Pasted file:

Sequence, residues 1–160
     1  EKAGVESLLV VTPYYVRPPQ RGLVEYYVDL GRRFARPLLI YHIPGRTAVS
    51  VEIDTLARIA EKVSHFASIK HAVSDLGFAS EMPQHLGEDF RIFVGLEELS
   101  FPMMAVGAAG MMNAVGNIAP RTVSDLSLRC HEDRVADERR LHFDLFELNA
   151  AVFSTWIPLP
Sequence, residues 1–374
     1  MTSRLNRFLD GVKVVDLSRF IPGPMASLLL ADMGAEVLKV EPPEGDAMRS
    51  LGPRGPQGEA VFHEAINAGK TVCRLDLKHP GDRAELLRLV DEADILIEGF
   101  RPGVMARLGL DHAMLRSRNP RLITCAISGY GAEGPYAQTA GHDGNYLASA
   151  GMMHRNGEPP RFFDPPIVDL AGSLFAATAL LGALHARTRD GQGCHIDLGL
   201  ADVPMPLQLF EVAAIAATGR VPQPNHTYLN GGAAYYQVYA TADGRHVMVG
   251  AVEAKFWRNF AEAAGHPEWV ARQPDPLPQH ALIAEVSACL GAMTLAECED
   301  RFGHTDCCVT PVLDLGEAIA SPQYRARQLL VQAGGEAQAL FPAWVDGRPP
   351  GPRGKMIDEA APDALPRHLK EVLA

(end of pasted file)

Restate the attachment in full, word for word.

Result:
Sequence, residues 1–160
     1  EKAGVESLLV VTPYYVRPPQ RGLVEYYVDL GRRFARPLLI YHIPGRTAVS
    51  VEIDTLARIA EKVSHFASIK HAVSDLGFAS EMPQHLGEDF RIFVGLEELS
   101  FPMMAVGAAG MMNAVGNIAP RTVSDLSLRC HEDRVADERR LHFDLFELNA
   151  AVFSTWIPLP
Sequence, residues 1–374
     1  MTSRLNRFLD GVKVVDLSRF IPGPMASLLL ADMGAEVLKV EPPEGDAMRS
    51  LGPRGPQGEA VFHEAINAGK TVCRLDLKHP GDRAELLRLV DEADILIEGF
   101  RPGVMARLGL DHAMLRSRNP RLITCAISGY GAEGPYAQTA GHDGNYLASA
   151  GMMHRNGEPP RFFDPPIVDL AGSLFAATAL LGALHARTRD GQGCHIDLGL
   201  ADVPMPLQLF EVAAIAATGR VPQPNHTYLN GGAAYYQVYA TADGRHVMVG
   251  AVEAKFWRNF AEAAGHPEWV ARQPDPLPQH ALIAEVSACL GAMTLAECED
   301  RFGHTDCCVT PVLDLGEAIA SPQYRARQLL VQAGGEAQAL FPAWVDGRPP
   351  GPRGKMIDEA APDALPRHLK EVLA